What have been the major trends and policy developments regarding digitalisation in Europe? What do we know about the deployment of automation, digitisation and the platform economy? This flagship publication provides an overview of developments in Europe in recent years, as well as mapping the observable or expected effects on employment and working conditions, as well as exploring the implications from a policy perspective.
This report explores the association between skills use and skills strategies and establishment performance, and how other workplace practices, in terms of work organisation, human resources management and employee involvement, can impact on this. It looks at how skills shortages can be addressed, at least in part, by creating an environment in which employees are facilitated and motivated to make better use of the skills they already have. This further supports the business case for a more holistic approach to management.
The COVID-19 pandemic radically reshaped workplace practices and work organisation across the EU. This report explores changes that occurred as a result of or during the COVID-19 pandemic in areas such as technological transformation, decision-making and remote working. The research sets out to learn from company experiences and measures that have proved critical to keeping businesses running. It aims to inform policymakers, employers and trade unions on how to make businesses, workplaces and workers more resilient in the face of a crisis such as COVID-19.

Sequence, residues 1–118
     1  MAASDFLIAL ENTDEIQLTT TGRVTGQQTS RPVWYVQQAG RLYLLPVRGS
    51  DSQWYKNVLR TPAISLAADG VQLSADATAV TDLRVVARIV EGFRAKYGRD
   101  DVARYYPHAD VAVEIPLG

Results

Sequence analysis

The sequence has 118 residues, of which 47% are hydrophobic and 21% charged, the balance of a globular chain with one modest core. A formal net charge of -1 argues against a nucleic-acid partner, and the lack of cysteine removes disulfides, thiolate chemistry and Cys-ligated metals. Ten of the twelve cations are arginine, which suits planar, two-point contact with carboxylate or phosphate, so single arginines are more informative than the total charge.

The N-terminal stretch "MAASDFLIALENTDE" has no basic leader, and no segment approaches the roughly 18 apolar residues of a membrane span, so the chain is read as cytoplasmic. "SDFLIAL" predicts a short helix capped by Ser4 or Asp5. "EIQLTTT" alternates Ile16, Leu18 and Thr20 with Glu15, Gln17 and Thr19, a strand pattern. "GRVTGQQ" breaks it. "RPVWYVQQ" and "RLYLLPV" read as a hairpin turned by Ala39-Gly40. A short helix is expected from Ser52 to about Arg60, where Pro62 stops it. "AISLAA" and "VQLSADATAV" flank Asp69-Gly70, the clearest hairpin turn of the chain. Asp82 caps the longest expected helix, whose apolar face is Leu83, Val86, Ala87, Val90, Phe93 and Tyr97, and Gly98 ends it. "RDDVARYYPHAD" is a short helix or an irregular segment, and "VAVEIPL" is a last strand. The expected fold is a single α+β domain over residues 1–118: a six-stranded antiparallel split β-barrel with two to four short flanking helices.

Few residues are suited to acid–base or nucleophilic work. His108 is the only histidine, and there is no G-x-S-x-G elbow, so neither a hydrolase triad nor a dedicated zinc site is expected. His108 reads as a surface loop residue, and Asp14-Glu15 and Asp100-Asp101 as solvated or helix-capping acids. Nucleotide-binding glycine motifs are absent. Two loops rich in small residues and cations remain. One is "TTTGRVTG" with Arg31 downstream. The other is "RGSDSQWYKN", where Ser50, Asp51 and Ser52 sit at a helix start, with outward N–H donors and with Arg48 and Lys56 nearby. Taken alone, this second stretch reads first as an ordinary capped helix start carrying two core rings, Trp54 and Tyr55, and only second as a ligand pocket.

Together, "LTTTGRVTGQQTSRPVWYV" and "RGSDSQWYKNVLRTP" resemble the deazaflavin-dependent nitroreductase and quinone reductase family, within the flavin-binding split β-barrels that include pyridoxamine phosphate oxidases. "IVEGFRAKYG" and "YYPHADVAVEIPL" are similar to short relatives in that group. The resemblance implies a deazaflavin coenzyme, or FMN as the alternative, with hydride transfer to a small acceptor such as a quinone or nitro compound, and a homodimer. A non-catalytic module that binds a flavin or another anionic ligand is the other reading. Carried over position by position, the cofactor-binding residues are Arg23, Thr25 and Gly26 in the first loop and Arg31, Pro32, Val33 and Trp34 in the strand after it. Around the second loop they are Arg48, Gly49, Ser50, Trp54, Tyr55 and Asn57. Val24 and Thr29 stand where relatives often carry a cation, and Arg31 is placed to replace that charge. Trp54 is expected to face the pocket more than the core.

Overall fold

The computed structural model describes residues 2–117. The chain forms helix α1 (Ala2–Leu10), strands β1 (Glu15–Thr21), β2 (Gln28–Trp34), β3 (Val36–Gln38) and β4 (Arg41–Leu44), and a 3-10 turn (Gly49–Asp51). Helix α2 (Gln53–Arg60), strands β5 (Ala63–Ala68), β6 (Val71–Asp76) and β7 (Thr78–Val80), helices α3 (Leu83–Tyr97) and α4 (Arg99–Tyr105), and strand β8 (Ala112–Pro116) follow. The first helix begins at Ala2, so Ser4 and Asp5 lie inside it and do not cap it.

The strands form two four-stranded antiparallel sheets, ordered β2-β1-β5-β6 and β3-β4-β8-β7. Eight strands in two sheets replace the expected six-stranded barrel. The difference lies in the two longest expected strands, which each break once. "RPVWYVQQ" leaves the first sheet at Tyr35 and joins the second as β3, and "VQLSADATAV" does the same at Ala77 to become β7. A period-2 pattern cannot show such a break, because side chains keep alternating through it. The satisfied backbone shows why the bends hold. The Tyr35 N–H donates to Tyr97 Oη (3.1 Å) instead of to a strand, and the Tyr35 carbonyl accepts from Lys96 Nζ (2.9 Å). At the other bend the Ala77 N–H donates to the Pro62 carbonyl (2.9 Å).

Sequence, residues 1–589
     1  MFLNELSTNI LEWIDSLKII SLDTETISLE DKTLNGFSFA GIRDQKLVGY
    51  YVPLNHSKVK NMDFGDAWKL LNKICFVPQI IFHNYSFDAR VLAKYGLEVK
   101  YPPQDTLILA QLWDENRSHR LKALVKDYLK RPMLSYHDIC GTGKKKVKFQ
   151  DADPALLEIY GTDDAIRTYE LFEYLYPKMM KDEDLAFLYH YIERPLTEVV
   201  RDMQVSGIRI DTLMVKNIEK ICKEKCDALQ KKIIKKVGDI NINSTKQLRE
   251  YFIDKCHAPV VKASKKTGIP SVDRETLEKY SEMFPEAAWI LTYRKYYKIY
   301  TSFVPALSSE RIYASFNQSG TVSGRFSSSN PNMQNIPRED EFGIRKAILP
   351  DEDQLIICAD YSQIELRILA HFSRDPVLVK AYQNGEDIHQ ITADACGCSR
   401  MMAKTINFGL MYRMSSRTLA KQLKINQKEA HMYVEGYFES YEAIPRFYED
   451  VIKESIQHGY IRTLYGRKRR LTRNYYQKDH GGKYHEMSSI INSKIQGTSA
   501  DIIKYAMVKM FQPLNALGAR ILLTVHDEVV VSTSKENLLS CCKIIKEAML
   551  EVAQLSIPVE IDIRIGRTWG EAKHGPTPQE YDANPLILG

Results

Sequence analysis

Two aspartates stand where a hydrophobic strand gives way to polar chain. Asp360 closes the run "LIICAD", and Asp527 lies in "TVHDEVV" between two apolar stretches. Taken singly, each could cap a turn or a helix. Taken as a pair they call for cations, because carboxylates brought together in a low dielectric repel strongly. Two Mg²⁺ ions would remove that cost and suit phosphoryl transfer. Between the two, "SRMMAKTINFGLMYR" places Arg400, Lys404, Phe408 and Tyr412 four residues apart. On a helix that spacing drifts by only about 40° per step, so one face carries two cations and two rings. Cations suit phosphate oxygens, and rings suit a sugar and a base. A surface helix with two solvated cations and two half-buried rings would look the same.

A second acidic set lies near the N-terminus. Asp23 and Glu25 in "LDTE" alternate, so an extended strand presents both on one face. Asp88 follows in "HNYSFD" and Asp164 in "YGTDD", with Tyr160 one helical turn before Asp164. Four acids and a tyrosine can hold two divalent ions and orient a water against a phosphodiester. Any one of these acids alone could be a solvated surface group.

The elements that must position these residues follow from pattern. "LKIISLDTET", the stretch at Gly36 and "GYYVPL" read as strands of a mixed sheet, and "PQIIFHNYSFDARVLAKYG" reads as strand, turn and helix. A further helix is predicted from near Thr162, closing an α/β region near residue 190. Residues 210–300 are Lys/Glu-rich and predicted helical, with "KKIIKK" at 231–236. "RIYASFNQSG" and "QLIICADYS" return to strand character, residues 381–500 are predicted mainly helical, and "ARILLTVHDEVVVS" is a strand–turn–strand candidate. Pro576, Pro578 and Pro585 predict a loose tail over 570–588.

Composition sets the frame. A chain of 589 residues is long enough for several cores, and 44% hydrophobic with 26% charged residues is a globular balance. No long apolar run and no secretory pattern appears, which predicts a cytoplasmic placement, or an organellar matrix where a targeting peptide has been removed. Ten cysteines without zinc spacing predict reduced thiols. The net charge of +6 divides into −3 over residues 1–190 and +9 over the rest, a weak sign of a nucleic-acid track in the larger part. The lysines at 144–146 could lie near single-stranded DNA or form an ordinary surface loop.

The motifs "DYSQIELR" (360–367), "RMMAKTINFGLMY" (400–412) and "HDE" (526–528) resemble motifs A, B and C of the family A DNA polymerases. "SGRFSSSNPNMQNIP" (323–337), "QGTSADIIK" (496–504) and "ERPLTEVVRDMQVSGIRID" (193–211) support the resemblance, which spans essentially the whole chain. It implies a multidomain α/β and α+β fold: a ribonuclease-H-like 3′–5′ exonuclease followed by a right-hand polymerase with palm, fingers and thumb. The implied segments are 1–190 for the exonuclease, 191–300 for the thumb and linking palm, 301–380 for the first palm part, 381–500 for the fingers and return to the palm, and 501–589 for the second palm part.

Social dialogue lies at the heart of the EU treaties and governance. Social partners are core stakeholders who can assess policy needs and contribute to policy formation and to designing and implementing national reforms in the social and employment fields. This report focuses on the timely and meaningful involvement of national social partners in the preparation of the new resilience and recovery plans and the national reform programmes (NRPs) that were temporarily integrated under the European Semester in 2021.
This report captures the impact of the COVID-19 crisis on the quality of life of older citizens, including the impact on their well-being, finances, employment and social inclusion. It explores the effects on care use and reliance on other support. The report analyses policy measures that have been implemented in EU Member States that have proven particularly important for the quality of life of older citizens, for example, measures to support independent living.